Everyone is talking about health and safety today because of the virus. That’s not a bad thing; health and safety are important. However, for those who follow Jesus, health and safety are not our top priority. This is one area where the Christian worldview clashes with the worldviews of our culture. Everyone else out there might say that health and safety are our number one concerns. But Christians don’t bow to the idol of health; we don’t serve the god of safety.
Yes, our bodies are temples of the Holy Spirit and we should not mistreat our bodies or trash them. Jesus loves us, body and soul. However, we have a higher calling than maintaining our health and safety at all costs. Our high call is to take up our cross, deny ourselves, lose our lives for Christ’s sake, and follow him (Mt. 10:38; 16:24; Mk. 8:34, etc). Sometimes following Jesus and obeying him means suffering, mistreatment, pain, prison, and even death (as we learn so well from the stories in Acts). Our primary aim is not to live a long, healthy life; it’s to serve Christ and follow his call. Our chief end is not safety; it’s to glorify God and enjoy him forever.
On this topic, one verse that has made an impression on me over the years is Revelation 12:11. Here John talks about martyrs who “did not love their lives so much as to shrink from death” (NIV). The NLT puts it this way: “They did not love their lives so much that they were afraid to die.” They loved Christ more than their lives; their testimonies were more important than their safety. Here area a few helpful commentaries on this verse:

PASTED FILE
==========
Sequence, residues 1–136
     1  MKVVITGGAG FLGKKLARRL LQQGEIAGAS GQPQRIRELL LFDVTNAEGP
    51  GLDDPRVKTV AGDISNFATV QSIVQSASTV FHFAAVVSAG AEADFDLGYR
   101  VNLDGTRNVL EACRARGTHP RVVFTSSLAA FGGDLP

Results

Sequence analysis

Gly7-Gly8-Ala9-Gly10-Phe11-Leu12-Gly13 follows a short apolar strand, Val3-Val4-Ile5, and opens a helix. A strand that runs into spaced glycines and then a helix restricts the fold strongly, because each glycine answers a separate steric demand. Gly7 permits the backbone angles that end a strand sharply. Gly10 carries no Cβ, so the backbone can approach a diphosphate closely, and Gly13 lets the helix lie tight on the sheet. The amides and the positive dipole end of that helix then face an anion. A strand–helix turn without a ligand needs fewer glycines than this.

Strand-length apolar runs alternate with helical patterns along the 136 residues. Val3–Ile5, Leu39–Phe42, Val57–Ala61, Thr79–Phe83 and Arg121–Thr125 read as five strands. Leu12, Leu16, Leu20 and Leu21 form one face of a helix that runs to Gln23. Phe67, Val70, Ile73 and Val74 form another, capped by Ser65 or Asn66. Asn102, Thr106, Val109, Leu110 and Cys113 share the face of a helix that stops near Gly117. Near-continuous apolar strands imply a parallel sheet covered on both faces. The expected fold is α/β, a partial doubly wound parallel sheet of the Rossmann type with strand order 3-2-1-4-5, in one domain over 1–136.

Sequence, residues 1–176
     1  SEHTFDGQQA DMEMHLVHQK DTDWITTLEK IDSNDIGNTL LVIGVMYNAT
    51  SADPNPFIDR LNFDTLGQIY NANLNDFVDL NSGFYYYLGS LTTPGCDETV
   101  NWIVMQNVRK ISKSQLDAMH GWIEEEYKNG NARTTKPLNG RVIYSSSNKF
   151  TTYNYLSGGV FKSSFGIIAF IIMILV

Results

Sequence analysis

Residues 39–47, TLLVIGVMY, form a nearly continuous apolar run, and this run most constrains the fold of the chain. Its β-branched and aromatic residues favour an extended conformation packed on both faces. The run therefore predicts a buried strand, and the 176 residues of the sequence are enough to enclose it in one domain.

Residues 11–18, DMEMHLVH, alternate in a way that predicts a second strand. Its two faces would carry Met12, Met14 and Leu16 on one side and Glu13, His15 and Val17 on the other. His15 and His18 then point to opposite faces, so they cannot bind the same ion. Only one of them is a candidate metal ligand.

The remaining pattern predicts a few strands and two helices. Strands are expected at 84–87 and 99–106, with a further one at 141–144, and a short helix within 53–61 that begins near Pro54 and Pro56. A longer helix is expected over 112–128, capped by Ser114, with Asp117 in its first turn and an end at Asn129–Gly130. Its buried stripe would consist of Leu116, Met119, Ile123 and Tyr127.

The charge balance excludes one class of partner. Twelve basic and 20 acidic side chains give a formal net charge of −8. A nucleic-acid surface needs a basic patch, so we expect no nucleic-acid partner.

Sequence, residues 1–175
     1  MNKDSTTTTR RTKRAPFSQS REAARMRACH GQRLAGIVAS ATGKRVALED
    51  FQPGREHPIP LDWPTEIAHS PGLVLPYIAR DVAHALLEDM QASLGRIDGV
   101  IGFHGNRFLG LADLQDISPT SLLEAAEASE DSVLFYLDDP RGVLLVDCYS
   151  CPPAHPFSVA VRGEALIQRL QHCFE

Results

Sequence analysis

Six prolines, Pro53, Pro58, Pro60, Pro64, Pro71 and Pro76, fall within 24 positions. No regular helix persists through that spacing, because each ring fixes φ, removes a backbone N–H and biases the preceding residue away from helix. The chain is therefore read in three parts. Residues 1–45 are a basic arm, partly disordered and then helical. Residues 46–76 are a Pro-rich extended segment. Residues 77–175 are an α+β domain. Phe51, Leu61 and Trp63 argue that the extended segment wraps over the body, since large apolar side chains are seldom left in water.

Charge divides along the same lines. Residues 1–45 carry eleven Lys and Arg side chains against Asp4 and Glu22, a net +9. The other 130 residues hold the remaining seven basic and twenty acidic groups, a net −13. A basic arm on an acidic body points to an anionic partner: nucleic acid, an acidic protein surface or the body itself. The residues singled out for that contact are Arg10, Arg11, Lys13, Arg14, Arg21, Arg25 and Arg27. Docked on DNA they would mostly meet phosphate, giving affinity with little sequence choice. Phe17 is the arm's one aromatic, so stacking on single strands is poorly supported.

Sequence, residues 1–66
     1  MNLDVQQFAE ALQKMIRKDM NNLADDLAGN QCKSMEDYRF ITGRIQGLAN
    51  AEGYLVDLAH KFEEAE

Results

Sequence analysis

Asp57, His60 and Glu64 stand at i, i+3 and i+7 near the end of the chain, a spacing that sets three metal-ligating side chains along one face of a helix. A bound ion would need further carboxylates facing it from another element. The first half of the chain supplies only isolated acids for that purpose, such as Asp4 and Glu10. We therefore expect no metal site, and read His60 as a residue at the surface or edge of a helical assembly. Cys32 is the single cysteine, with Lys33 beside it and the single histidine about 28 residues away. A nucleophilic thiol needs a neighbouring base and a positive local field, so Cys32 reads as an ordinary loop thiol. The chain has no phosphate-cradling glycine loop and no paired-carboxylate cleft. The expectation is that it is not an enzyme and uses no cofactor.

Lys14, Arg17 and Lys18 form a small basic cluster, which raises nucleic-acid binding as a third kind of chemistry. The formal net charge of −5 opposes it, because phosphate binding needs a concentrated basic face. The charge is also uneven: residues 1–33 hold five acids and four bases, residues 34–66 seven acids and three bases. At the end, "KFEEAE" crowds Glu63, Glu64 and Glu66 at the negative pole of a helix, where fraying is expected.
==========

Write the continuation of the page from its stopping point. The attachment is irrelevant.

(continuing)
“They did not love their life unto death” is a negative way of saying that they persevered in their testimony to Christ, despite persecution. To persevere in the faith to the end is to “overcome to the end” and to defeat the dragon (cf. also Rev. 12:11, 17 with 13:3…). If they maintain their faith, they maintain their identification with and share in Christ’s overcoming through death and resurrection. The mark of genuine “overcomers” is that they love their Lord more than their own earthly welfare (cf. Matt. 16:24–26). The enduring nature of the Christians’ “overcoming” is repeated at the end of each of the letters in chs. 2–3. [G. K. Beale, The Book of Revelation: A Commentary on the Greek Text, New International Greek Testament Commentary (Grand Rapids: Eerdmans, 1999), 665.]
There is a saying of Jesus that occurs in three relatively independent versions in which the notion of “saving one’s life” is found in paradoxical formulations…: (1) “loving life” and therefore losing it and “hating life” and therefore achieving it (John 12:25), (2) “saving one’s life” and therefore losing it, and “losing it” and therefore finding it (Mark 8:35 = Matt 16:25 = Luke 9:24), and (3) “finding” or “seeking to gain one’s life” and then losing it, versus “losing life” and then finding it (Matt 10:39 = Luke 17:33…). …See also Ignatius Eph. 9:3, “Love nothing according to human life, but God alone,” in the context of the author’s awareness of impending martyrdom. [David E. Aune, Revelation 6–16, vol. 52B, Word Biblical Commentary (Dallas: Word, 1998), 703.]
…[B]y their courage and patience in sufferings; they loved not their lives unto the death, when the love of life stood in competition with their loyalty to Christ; they loved not their lives so well but they could give them up to death, could lay them down in Christ’s cause; their love to their own lives was overcome by stronger affections of another nature…. [Matthew Henry, Matthew Henry’s Commentary on the Whole Bible: Complete and Unabridged in One Volume (Peabody: Hendrickson, 1994), 2477.]
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